A New Challenger Awaits: Team Dragon Knight’s Playoff Roster Shuffle

      For the majority of the Spring season of the NA Challenger series, Team Dragon Knights had used an entirely Korean lineup. The expectations for the team were quite high due to the overwhelming talent they had gathered on the roster. The acquisition of Oh “Ohq” Gyu-min, one of Korea’s best AD carries, as well as Shin “Seraph” Woo-yeong, developing into a good carry top laner had many people expecting the team to easily run through the challenger scene. The original plan for the team was to move Aaron “Bischu” Kim into the support role and have Noh “Ninja” Geon-woo take over the mid lane. However, due to Ninja’s suspension, the team was forced to use their substitute mid laners, Lee “do it” Chan-ho and Son “Thy” Seung-young. The team dealt with a lot of inconsistent play from their mid laners as well as the inconsistent play of Seraph who looked much better when subbing in for Team Impulse and Renegades in the NA LCS. Despite only being able to win half of their games during the regular season, TDK did manage to get into the playoffs. However, before they would play their semifinal match against Ember, wholesale changes would be made with the roster. In a trade, TDK acquired Alexey “Alex Ich” Ichetovkin, Oleksii “RF Legendary” Kuziuta, and Cuong “Flaresz” Ta while sending Seraph and the recently unbanned Ninja to Renegades in the LCS. They would also acquire Lawrence “Trance” Amador, former support of Enemy.

      With all of these roster moves happening just before their match up in the semifinals, there were many questions as to who would start for the team and how it would all work. TDK decided to start some of their new players straight away as Alex Ich, Flaresz, and Trance would all play in the semifinal. Somewhat shockingly, it turned out these roster moves were just what TDK needed as they would go on to look much better as a team and defeated Ember in their series, 3-1.

      With Seraph in the top lane and Thy in the mid lane, it seemed as though TDK had too many people trying to carry all at once. Ohq was easily the best AD carry in the NA Challenger scene and constantly dominated his opponents in lane having an outstanding CS@10 differential of 11.4. However, the inconsistent play from their other lanes was a detrimental to the team. Team Dragon Knights also seemed to suffer from over passivity. They lacked any form of consistent initiation and guidance. The semifinal showed that the addition of Flaresz and Alex Ich immediately helped remedy these ailments. In their series against Ember, Flaresz was the consistent initiation the team needed. On Poppy he would jump into the enemy team, even at times when his team wasn’t ready to follow up. Alex Ich also added stability in the mid lane that the team had lacked prior to his arrival. He worked as a secondary option for initiation and also added his veteran leadership and guidance. The team’s macro play and map awareness was much better with Alex Ich reading the game through the superior vision control of Kevin “Kez” Jeon in the jungle.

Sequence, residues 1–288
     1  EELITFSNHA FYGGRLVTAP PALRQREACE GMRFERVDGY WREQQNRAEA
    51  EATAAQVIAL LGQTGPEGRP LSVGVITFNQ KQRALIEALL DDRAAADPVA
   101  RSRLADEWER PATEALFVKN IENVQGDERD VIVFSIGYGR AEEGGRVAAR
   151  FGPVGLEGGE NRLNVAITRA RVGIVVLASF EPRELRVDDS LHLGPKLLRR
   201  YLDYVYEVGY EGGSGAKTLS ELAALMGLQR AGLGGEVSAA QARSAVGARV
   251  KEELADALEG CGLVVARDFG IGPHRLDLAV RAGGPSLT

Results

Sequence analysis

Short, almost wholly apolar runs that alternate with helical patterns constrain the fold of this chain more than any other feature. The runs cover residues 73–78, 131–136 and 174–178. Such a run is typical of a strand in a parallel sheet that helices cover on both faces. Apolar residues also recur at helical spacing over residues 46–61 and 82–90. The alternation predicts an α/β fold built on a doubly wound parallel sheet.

Trance was another stand out for the team, as he filled in for Bischu who was not a support main. Bischu had some issues with champion diversity during the season as he only seemed capable on Braum and Alistar. In this four game series, Trance was able to play three different supports and had much better vision control. Throughout the regular season on Enemy, Trance was a very good support but was on a bad team. Now on TDK, he was able to display his strengths as he supported Ohq and controlled vision along with Kez. With a true support main and the solo lanes more stable, the team was much better at playing around their star AD carry. They even played protection compositions with four tanks focused around Ohq’s great Vayne play, a strategy they had not attempted all season. Their preparation was also more focused and logical as they used their picks and bans in order to counter the strengths of Ember.

      The massive roster shuffle and the language change from Korean to English may have seemed like a lot to overcome for Team Dragon Knights but they have pulled it out and look more formidable as a result. With their semifinal win they now find themselves in the finals and automatically qualify for the NA LCS Summer Promotion tournament. It seems as though Alex Ich will again have the opportunity to boost Team Dragon Knights into the LCS as he did in 2015. Also, with Renegades being at the bottom of the LCS and relegation seeming imminent, it will be interesting to see if they play one another during the promotion tournament. If they were to play one another then we would truly see who benefited the most from the trade. If they can defeat Apex Gaming in the NA Challenger Series Spring Finals, they will have proved that their current form is legitimate and that they have a real shot at making some noise in the LCS.

Featured Image provided by Azubu

Statistics and Match Histories provided by Oracle’s Elixir and Esportspedia

Written by Oscar Left

Edited by Williaf

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